Pakistan calls Modi's threat to divert water 'act of aggression'
Islamabad - Foreign office comments on Imran Khan's Saudi, Iran visit and Kashmir situation.
Pakistan on Thursday cautioned India to refrain from pursuing its designs of diverting the flow of three western rivers, saying the move would be considered an 'act of aggression and would be well responded'.
"Any attempt by India to divert the flow of these rivers will be considered an act of aggression and Pakistan has the right to respond," the Foreign Office spokesman said here at the weekly press briefing.
Also read: 'India will not allow water to flow to Pakistan'
Spokesman Dr Muhammad Faisal was responding to a media query on Pakistan's stance over a recent statement of Indian prime minister Narendra Modi, claiming that his country would stop the water flowing to Pakistan and divert to the State of Haryana.
The spokesman said Pakistan had exclusive rights over the waters of three western rivers under the Indus Water Treaty and termed the statement an excuse to cover the ongoing blatant human rights situation in Indian Occupied Jammu and Kashmir.
"After imposing a crashing curfew in Kashmir for more than two months, such statements coming from Indian leadership are another glaring example of the fact that the present government of India is bent upon making India an 'irresponsible and aggressive state' that has no regard for human rights or international obligations," he said.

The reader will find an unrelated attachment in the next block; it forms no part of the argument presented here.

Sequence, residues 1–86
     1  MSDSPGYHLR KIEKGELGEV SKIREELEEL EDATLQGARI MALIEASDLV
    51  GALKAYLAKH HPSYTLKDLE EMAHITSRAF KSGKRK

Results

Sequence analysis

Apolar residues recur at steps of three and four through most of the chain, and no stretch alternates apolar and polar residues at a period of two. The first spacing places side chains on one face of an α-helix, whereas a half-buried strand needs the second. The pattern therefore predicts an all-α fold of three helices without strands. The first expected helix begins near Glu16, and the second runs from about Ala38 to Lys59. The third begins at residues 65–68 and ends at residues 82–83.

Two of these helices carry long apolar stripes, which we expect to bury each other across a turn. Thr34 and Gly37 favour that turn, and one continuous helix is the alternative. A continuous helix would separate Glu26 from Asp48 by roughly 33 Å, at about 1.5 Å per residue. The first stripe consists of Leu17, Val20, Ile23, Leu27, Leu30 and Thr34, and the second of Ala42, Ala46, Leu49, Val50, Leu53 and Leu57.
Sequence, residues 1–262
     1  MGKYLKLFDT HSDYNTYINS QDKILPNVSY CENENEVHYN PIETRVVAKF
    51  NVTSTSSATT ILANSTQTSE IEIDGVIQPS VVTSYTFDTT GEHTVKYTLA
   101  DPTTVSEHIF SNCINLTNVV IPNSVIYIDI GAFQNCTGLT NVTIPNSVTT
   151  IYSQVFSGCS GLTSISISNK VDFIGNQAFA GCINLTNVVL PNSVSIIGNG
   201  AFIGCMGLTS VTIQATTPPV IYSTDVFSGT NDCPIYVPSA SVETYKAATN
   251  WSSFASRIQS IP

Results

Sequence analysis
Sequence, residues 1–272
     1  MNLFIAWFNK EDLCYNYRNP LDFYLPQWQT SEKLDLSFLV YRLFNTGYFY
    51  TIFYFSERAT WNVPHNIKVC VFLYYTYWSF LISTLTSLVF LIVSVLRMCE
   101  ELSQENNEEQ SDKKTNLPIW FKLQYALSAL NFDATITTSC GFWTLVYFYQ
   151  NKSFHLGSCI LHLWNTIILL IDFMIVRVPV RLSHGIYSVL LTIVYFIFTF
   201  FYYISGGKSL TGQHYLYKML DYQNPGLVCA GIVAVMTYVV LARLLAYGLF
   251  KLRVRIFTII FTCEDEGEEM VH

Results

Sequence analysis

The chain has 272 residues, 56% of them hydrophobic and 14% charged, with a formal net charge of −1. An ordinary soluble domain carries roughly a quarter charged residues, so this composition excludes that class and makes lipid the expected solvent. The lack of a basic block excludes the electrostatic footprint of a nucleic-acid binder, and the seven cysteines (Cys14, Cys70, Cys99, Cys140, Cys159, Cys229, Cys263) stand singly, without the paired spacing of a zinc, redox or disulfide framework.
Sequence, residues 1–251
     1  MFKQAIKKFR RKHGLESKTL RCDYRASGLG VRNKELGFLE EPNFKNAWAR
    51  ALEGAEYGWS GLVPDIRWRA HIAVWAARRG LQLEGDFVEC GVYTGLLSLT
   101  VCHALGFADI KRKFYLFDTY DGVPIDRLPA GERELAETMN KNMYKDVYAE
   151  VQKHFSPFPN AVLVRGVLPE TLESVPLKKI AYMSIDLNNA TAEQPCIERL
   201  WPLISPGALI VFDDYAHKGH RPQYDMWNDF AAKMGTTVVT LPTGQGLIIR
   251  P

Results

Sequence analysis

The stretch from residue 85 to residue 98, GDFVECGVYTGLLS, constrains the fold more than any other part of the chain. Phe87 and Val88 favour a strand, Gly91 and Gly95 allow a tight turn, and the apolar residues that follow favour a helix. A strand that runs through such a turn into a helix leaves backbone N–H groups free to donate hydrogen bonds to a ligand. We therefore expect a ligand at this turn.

The spokesman said the situation was not only a threat to regional peace and security, but could also result into strategic miscalculation.
To a question regarding the outcome of Prime Minister Imran Khan's visits to Saudi Arabia and Iran, the spokesman said he "offered to facilitate the two brotherly countries to help reduce tensions in the region and resolve differences of disputes through diplomatic and political means, which was welcomed by the both."
On Kartarpur Corridor, he said Pakistan had completed its side of construction work with all necessary arrangements, however said the date of opening was still under consideration.
Asked about follow-up of the case of Indian spy Kulbhushan Jadhav, the spokesman said Pakistan had already provided the consular access and the next steps, pertaining to logical and legal procedures, had been initiated.